Vulnerable voices will not be heard in public discussion of the library; if money talks, they are nearly mute.
The free public library is a product of the Industrial Revolution. Prior to the mid-1800s, only the rich read. That all changed, however, when Melvil Dewey took over as State Librarian of New York in 1888. The concept of a free public library had been gaining ground sluggishly since the mid-1800s but, few libraries were truly free for all, with most requiring annual subscription fees. Dewey goosed the growth of free public libraries with funding, infrastructure, and regulation.
He invented professional organizations and opened librarian schools, bullied committees, and made rousing speeches. He was a zealous librarian celebrity, famously arrogant, and completely committed to the idea that the public could only improve themselves if they understood and embodied Christian morality. Dewey could provide this education with books, which would “elevate” them through a system of ideologically coordinated public libraries. When shown the foundation of Western literature—ran the logic—readers would understand how society functioned as well as their place within it. The result would be literate but passive components of a capitalist machine. Public libraries would be its oil.
Those same public libraries began to move away from Dewey’s vision almost immediately upon his ouster from the profession for sexual harassment, anti-Semitism, and career-spanning fiscal hijinks around 1905.
Almost as soon as Dewey opened a library school, librarians began to migrate away from his conservative ideals. Library doctrine of the 21st century emphasizes empowerment rather than passivity; the library should serve as a bastion of free thought and durable democracy. The American Library Association—Dewey’s own organization—vigorously supports seditious and controversial literature, and the Office of Intellectual Freedom thrives with its blessing. Librarians of the 21st century are more likely to be secret radicals than soldiers of conformity. They have appeared at Occupy Wall Street, stood up against White supremacists, advocated for Black lives, and gone to bat for LGBTQ book displays.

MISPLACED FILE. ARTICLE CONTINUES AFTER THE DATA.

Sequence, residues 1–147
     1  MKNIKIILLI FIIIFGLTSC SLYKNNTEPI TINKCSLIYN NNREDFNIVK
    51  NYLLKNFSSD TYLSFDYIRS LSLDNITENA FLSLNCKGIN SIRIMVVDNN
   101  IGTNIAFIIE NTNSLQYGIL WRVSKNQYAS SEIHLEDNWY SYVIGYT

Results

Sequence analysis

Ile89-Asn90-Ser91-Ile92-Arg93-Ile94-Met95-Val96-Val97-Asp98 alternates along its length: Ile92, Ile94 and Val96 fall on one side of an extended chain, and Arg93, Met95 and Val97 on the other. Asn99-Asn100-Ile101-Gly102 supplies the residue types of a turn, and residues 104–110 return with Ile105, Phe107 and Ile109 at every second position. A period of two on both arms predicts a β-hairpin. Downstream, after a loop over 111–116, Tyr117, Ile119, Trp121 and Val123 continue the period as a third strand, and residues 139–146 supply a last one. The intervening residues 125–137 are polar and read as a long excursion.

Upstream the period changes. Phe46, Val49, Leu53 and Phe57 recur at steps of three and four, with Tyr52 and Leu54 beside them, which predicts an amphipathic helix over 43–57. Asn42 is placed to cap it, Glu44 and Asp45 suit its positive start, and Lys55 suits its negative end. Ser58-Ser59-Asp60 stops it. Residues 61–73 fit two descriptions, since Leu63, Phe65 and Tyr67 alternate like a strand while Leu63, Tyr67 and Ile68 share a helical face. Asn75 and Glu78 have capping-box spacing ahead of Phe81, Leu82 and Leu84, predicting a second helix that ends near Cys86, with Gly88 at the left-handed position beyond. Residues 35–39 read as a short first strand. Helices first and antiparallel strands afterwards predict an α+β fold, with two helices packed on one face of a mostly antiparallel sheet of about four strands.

Nevertheless, the bones of public library work are Dewey’s, and if the profession no longer exists purely in his image, then it still bears a striking familial resemblance. As libraries move forward into an increasingly diverse future—one where the yawning gap between rich and poor is constantly exacerbated by technology and lack of education—it finds itself in the rare position of equalizer, leveler, and sharer of privilege. Public libraries could be powerful mitigators of a class crisis in an increasingly class-distressed nation, but first, they must grow past Dewey’s architecture and define themselves anew.
Those at the very bottom of the class pile make up the public library’s most loyal and most dependent users. For them, book purchase and charitable giving are simply out of the question, never mind a run for the office of Trustee. Their voices will not be heard in public discussion of the library; if money talks, they are nearly mute. However, they make their wishes known through their avid use of the Internet, driving libraries through classic consumer modeling. Low-income library patrons don’t just enjoy public-access computers, they rely on them.
Craigslist is now a critical housing service; many high schools distribute homework over Google services; being unable to use the Internet at will is debilitating. Even reliance on mobile technology–which is how most low-income people access the Internet—can’t make up what users lose when printers, keyboards, and full-size screens are out of the picture.
Public libraries are keenly aware of their role in bridging the digital divide, which is the little-discussed but gaping success gulf between people who can afford technology and people who can’t. But even as libraries work to fix a digital revolution that is crushing vulnerable people, cognizant of the fact that few other organizations are filling this niche, they struggle to keep the library “nice” for donors, who may jump ship if the library seems to be “deteriorating,” and elected trustees, who may cease to support library outreach to marginalized communities if they feel that a quaint, attractive book warehouse is becoming un-vote-for-able.Vulnerable voices will not be heard in public discussion of the library; if money talks, they are nearly mute. Click To Tweet